The Simunds Group Law Blog

5Feb, 15

So you are thinking of starting a business or changing the participants, what issues should you be concerned about? Many businesses are started on oral agreements and optimism, after all, it takes a certain amount of optimism to strike out and start a new enterprise. However, leaving things to oral agreements, no matter how good of friends or honest the prospective partners may be, is dangerous and is a major reason for litigation between former business partners. The problem with oral agreements is not that they have no legal effect, but rather that it is very difficult to prove the terms of the agreement. Perhaps more importantly oral agreements are subject to misunderstanding. It is far better to reduce the agreement to writing so that all parties are working from the same guidelines; the very act of putting it in writing can often shed light on potential misunderstanding before they arise. This is not to say that written agreements cannot be misunderstood or misinterpreted, but it is much easier to prove the terms of the agreement if it is in writing. This article does not attempt to address in great detail each and every issue which may arise, as those are innumerable.

It is very important to get appropriate professional advice prior to taking any action in regard to creating a business entity, adding or removing members or partners or winding one down. This includes not only legal, but tax and even insurance advisors. While there is a cost involved, the costs involved pale compared to those incurred in litigating a matter which has caused ruin and misery for many a business. Remember, nobody goes into a business deal thinking that they will be litigating with their partners and yet it frequently happens.

When creating a business there are a number of issues which should be evaluated, including which form would be best for the purposes of the partners and this will often require a tax and legal analysis on both the business and personal level. In addition, since it is possible for personal obligations of the partners to infect the partnership, it is a good idea to have a frank discussion of any current or potential liabilities which the partners are aware of. This may actually inform the parties to utilize a different form of business altogether. If it is a partnership, there should be a written partnership agreement governing the various responsibilities of the partners and various possibilities which may arise including, but not limited to; what happens if someone wants to leave, or someone dies, is divorced or someone wants to be added. This holds true for limited liability companies (LLC) as well, although in that case it should be handled in the operating agreement. Every LLC should have a written operating agreement which should address the same types of issues, but also what responsibilities and authority the various members or managers have. The goal should be to address the issues which might arise in the future should circumstances change and by putting it into writing to help forestall issues in the future. This is also an excellent time to undertake some asset protection analysis with your attorney and tax professional. Starting a business is risky and if it fails, it would be wise to have assets protected where possible.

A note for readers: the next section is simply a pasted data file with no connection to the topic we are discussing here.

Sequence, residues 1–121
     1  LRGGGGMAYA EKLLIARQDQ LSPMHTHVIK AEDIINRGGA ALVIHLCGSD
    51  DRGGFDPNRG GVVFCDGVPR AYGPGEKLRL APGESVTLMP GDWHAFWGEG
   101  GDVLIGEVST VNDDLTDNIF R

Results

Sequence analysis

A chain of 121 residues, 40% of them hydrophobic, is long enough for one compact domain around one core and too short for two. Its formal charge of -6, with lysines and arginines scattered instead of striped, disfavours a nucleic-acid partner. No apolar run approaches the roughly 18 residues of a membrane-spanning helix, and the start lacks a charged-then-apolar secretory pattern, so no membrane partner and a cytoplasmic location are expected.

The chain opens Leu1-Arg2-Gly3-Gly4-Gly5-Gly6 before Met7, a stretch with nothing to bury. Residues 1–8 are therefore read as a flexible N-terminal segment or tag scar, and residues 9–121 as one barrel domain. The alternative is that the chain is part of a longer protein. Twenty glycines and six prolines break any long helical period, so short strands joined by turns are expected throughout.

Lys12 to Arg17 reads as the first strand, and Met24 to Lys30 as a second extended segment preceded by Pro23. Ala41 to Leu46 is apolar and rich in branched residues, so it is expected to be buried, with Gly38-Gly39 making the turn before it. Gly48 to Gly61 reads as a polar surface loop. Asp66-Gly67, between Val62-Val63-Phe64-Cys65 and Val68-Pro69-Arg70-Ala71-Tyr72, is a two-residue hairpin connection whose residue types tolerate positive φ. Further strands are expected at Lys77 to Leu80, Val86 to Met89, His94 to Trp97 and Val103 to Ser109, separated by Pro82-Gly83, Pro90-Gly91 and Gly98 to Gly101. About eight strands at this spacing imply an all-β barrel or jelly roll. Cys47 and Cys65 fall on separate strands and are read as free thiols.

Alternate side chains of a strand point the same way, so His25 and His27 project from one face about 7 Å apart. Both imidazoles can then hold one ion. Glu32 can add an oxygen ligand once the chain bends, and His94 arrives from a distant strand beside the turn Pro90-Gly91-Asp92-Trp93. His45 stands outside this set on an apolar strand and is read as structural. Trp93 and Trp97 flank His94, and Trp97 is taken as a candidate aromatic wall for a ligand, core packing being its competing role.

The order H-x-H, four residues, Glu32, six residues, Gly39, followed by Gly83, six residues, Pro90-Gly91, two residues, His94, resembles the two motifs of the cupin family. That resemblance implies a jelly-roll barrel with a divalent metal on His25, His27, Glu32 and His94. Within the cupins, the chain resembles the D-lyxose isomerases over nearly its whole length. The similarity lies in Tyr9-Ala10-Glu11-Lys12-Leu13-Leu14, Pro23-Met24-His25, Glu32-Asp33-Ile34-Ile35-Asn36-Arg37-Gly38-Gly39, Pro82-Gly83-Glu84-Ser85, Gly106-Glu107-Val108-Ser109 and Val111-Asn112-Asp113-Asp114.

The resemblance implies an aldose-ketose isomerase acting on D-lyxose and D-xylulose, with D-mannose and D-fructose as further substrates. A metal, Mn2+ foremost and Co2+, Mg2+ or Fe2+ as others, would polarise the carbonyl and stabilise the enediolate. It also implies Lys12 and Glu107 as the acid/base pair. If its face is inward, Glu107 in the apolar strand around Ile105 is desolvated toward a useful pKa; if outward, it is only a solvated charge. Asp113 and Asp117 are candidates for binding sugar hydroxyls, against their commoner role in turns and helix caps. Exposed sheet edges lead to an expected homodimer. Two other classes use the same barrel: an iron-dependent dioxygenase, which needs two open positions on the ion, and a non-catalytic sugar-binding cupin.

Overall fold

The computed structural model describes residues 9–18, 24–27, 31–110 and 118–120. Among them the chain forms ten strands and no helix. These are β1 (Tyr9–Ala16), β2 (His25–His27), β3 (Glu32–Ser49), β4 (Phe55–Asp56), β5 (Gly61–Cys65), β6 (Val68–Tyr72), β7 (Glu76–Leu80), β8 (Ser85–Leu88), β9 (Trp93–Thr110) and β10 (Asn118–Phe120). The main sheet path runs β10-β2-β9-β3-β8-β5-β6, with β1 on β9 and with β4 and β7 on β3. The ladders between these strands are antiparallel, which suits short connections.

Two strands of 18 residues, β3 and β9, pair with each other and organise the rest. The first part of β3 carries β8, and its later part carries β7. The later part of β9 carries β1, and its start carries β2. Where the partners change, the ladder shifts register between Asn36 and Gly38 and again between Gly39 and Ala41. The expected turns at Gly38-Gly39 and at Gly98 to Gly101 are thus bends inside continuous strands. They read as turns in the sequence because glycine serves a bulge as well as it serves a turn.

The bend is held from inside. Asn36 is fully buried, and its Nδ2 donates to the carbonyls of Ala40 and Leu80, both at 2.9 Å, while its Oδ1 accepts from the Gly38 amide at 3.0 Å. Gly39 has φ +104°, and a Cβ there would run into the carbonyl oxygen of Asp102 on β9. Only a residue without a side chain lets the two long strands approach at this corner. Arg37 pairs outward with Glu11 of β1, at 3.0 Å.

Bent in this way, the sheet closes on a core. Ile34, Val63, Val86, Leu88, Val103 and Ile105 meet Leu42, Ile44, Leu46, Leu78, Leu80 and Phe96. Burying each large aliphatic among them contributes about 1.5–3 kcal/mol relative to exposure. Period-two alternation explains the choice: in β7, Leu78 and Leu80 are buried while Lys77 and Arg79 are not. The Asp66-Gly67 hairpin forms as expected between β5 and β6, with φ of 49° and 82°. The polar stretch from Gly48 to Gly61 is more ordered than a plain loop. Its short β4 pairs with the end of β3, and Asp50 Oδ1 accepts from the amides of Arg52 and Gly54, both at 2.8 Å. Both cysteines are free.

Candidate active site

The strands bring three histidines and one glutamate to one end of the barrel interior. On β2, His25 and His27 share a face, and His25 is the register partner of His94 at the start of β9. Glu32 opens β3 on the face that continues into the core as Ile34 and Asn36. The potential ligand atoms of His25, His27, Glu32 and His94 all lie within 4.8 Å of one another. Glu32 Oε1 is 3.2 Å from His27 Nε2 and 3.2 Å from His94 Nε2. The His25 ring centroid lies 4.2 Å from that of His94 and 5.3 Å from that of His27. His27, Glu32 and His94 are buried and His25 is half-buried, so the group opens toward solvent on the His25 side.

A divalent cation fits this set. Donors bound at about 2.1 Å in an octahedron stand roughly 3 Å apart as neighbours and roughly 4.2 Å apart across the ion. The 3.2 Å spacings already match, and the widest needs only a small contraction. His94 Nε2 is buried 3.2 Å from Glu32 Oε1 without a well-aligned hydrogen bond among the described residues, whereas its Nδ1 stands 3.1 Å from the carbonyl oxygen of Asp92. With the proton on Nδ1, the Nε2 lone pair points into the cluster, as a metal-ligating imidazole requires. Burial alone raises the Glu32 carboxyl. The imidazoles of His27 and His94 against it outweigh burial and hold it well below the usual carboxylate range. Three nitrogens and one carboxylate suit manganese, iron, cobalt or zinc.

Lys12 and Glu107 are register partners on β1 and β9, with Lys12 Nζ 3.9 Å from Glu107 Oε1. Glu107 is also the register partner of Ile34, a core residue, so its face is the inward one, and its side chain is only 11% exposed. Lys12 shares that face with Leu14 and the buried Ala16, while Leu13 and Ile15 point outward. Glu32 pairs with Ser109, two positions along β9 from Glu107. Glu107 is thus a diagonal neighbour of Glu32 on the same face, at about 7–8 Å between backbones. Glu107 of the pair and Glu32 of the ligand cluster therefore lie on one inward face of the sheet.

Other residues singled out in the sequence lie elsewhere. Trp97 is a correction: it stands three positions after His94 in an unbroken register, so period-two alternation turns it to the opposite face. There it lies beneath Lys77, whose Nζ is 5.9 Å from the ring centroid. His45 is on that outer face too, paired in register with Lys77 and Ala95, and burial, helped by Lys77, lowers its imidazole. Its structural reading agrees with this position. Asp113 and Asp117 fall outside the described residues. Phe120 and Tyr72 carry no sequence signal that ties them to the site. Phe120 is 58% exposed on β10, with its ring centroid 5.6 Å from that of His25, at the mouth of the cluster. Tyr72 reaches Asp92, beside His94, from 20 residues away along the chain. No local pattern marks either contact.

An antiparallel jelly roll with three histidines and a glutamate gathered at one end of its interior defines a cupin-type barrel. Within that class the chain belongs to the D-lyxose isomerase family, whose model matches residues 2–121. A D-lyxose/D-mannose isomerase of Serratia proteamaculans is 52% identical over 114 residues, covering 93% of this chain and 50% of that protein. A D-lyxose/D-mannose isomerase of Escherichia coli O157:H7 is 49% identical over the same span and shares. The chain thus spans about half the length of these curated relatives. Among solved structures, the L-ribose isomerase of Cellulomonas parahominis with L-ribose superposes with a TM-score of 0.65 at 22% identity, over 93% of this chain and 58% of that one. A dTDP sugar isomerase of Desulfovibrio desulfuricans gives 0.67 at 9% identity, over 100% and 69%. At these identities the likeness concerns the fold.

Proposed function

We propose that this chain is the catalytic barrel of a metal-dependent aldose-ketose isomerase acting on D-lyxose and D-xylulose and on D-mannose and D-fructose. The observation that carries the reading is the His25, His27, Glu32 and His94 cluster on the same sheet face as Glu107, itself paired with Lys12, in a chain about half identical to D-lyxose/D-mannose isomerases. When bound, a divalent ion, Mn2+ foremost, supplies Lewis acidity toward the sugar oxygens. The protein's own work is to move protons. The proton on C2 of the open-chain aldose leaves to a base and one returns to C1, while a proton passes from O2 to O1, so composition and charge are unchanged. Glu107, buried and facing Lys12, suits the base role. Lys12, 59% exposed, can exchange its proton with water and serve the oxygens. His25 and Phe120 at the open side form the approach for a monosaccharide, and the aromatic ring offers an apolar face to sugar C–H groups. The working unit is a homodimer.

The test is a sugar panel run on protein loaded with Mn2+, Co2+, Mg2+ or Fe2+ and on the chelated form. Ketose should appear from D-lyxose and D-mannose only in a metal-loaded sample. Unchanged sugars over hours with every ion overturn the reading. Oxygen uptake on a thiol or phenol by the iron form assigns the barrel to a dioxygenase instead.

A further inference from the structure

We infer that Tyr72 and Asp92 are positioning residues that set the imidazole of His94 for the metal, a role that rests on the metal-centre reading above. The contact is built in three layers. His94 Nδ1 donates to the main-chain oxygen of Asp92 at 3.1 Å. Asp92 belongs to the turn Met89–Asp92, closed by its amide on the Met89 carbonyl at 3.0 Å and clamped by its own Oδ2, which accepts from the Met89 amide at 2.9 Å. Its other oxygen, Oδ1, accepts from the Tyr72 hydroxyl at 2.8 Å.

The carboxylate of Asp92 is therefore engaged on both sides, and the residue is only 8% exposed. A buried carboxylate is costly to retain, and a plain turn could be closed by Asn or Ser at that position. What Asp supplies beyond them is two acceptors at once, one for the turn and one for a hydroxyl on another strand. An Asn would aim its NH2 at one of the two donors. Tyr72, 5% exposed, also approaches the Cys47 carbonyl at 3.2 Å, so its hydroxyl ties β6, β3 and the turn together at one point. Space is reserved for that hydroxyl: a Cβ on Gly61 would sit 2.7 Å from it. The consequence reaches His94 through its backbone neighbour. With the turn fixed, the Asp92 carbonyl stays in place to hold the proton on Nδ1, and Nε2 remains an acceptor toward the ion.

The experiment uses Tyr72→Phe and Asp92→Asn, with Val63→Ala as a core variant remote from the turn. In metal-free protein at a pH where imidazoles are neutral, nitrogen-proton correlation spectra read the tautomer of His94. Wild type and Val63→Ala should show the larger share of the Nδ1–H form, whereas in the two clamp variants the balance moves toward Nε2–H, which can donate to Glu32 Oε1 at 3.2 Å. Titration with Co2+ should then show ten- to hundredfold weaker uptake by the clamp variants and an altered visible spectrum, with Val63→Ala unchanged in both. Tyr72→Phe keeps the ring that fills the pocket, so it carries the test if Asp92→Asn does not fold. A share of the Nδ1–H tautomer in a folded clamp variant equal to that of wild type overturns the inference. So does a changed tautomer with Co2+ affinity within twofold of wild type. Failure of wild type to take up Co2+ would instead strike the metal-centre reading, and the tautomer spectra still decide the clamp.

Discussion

If you are considering adding or removing a member (in an LLC) or partner (in a partnership), there are different issues to address. What are they required to do to become a partner/member, does there need to be a corporate action taken (vote of members), what liabilities are they assuming, if any, will there be tax liability to anyone from the action being proposed? If the member or partner is leaving, similar concerns should be addressed. In both situations, it would be wise to consider discussing the possibility of indemnity for liabilities with the partnership or LLCs insurer, if applicable. This is also an issue which should be considered and put into the partnership agreement or operating agreement from the inception of the business. If a particular agreement does not deal with these issues, now is a good time to consider them and amend the agreements before the issues arise.

Lastly, if the enterprise fails or the members/partners otherwise wish to stop operating, this should not be left to chance. Again, the agreement should set out who is responsible for filing the final tax returns, liquidating assets, paying off debts, etc. However, in the case of an LLC, a formal winding down should be undertaken to minimize the potential for claims to arise down the road. A formal winding down includes notice provisions to possible creditors, and once that period ends, if the process is done properly there is little risk of future claims. However, many small business owners neglect this and merely “stop”. That doesn’t suffice from a legal standpoint and does nothing to cut off liability to potential creditors or those which existed at the time the business ceased operating.

Obviously, these are just some of the issues to consider when contemplating making changes to your business or to starting one. Of course there are many more and books have been written purely on the issue of choosing the form of business for tax or for liability purposes. This blog is not exhaustive and is merely intended to help its readers to be able to ask the right questions and seek the appropriate professionals and to take stock of what they are attempting to accomplish and how best to achieve that.

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